For many months now, both Hungary and Poland have been in the sights of European politics. These two Eastern European countries are being attacked from all sides and accused of all kinds of transgressions, to the point where some are wondering whether these two countries should remain in the European Union, as Emmanuel Macron mentioned in his speech to parliamentarians on January 19th. This is not just a matter of circumstantial facts, but a conscious strategy, as disclosed in revelations in the Spanish newspaper Periodista Digital, which has just published public and private conversations of a former Spanish Member of European Parliament, Carolina Punset.
Carolina Punset is a member of the Spanish party Ciudadonos and belongs to the liberal movement, Renew Europe, in the European Parliament group (former ALDE, Alliance of Liberals and Democrats for Europe). President Emmanuel Macron’s French party, La République En Marche, belongs to Renew Europe, as does the Hungarian liberal party opposing Orban, Momentum.
The spotlighted conversations reveal that the repeated attacks on Hungary and Poland are subject to a political consensus that makes them particularly easy targets. This becomes evident in respect to topics where criticism is considered taboo: everything that has to do with the Muslim presence in Europe. The Islamic terrorist attacks seriously threaten freedom of expression in Europe, Carolina Punset reports, but it is impossible to denounce Islamism because of the pressure of political correctness: “From a political point of view, it is very difficult to face up to it because we have many Muslims in Europe and there is a problem of politically correct.”
Impossible, also, to denounce the migratory pressure and the ‘Great Replacement,’ yet easy to observe in Brussels, the capital of the European institutions, where veiled women are omnipresent:
When you live in Brussels, you live in a city taken over by Islamists. A lot of veiled women, and so on. You would have a problem in Brussels if you face this issue in a direct way.
The exchanges in which Carolina Punset participated reveal that the Renew Europe group practices, at every moment, double standards for ideological connivance. Child protection is criticized when it meets Hungarian standards—like restrictions on the promotions of LGBT ideology implemented by the Orban government, for example. In contrast, child protection is no longer on the agenda when it comes to protecting young girls (potentially 12-21% of French girls) subjected to genital mutilation at the request of fundamentalist Muslims. The same goes for the defense of LGBT rights: Brussels can fearlessly denounce Hungary’s ‘homophobia,’ but remain silent on the ever-increasing aggressions against LGBT people in France—mainly from the immigrant population of Muslim origin. Following Renew Europe’s orientation, the whole Brussels political class adopts the same language codes.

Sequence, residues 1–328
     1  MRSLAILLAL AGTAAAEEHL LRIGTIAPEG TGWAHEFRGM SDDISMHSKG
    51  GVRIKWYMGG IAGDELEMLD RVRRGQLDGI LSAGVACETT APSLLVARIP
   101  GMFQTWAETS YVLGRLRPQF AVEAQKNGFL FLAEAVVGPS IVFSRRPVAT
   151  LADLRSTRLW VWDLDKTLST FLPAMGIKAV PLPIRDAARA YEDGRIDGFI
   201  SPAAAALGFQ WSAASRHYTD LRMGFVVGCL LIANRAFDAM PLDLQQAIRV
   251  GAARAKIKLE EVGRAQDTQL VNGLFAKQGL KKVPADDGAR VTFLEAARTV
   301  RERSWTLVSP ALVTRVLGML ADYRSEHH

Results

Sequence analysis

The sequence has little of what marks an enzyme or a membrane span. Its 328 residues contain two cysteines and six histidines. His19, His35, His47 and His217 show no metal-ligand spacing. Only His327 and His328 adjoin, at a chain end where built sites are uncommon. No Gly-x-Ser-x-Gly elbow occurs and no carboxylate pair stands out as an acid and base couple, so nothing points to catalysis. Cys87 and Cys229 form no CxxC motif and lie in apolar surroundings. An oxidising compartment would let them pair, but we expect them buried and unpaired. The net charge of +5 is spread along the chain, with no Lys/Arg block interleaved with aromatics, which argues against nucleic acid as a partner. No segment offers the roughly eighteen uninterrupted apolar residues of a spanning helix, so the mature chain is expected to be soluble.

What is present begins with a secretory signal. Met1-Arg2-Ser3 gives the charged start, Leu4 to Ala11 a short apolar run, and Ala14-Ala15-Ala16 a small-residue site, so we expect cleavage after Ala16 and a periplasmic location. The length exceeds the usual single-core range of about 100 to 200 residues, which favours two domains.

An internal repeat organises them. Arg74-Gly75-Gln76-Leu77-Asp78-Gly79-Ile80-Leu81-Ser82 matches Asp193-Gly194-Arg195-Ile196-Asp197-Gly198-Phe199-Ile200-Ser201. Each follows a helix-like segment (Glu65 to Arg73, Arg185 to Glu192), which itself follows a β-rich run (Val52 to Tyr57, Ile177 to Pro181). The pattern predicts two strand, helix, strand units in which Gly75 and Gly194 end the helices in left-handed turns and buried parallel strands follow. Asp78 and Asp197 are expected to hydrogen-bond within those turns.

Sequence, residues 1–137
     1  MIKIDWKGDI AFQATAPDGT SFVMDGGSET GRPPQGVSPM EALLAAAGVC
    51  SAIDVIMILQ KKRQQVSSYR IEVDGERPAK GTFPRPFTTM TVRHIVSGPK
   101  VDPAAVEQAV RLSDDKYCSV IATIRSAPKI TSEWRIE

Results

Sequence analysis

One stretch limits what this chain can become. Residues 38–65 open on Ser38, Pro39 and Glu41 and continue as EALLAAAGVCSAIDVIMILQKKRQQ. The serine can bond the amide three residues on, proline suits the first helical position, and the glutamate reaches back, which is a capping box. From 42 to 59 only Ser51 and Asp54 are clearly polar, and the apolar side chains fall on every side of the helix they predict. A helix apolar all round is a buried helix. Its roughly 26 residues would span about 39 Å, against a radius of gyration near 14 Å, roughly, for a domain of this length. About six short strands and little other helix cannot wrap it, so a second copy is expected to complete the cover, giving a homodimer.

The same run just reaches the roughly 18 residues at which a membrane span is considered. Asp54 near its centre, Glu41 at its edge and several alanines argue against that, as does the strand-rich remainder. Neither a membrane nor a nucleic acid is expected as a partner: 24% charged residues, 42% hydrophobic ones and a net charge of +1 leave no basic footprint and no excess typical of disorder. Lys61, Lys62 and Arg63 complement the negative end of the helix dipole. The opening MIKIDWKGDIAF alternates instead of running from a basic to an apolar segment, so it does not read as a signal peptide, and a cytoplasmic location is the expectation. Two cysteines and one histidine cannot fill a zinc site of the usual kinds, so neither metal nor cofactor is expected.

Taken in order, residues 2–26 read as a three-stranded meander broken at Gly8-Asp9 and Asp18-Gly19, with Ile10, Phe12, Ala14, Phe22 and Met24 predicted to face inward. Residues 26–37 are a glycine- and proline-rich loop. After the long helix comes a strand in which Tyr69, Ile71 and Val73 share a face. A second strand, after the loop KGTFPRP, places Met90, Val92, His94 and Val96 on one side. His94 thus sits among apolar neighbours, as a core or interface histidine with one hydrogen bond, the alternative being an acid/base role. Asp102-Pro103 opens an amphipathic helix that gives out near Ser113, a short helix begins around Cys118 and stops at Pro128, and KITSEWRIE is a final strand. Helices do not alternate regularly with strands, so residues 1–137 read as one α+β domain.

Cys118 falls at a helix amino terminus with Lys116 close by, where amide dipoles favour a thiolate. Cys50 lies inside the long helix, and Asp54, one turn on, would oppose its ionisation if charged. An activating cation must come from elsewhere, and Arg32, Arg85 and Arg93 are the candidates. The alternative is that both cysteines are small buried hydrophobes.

Carolina Punset’s comments are all the more interesting as she is a left-wing politician, and therefore can hardly be suspected of ideological connivance with Hungarians or Poles. These revelations bring to light an ideological manipulation that was already obvious to many European citizens, but which appears today for what it is: cynical and perfectly assumed.
Hélène de Lauzun studied at the École Normale Supérieure de Paris. She taught French literature and civilization at Harvard and received a Ph.D. in History from the Sorbonne. She is the author of Histoire de l’Autriche (Perrin, 2021).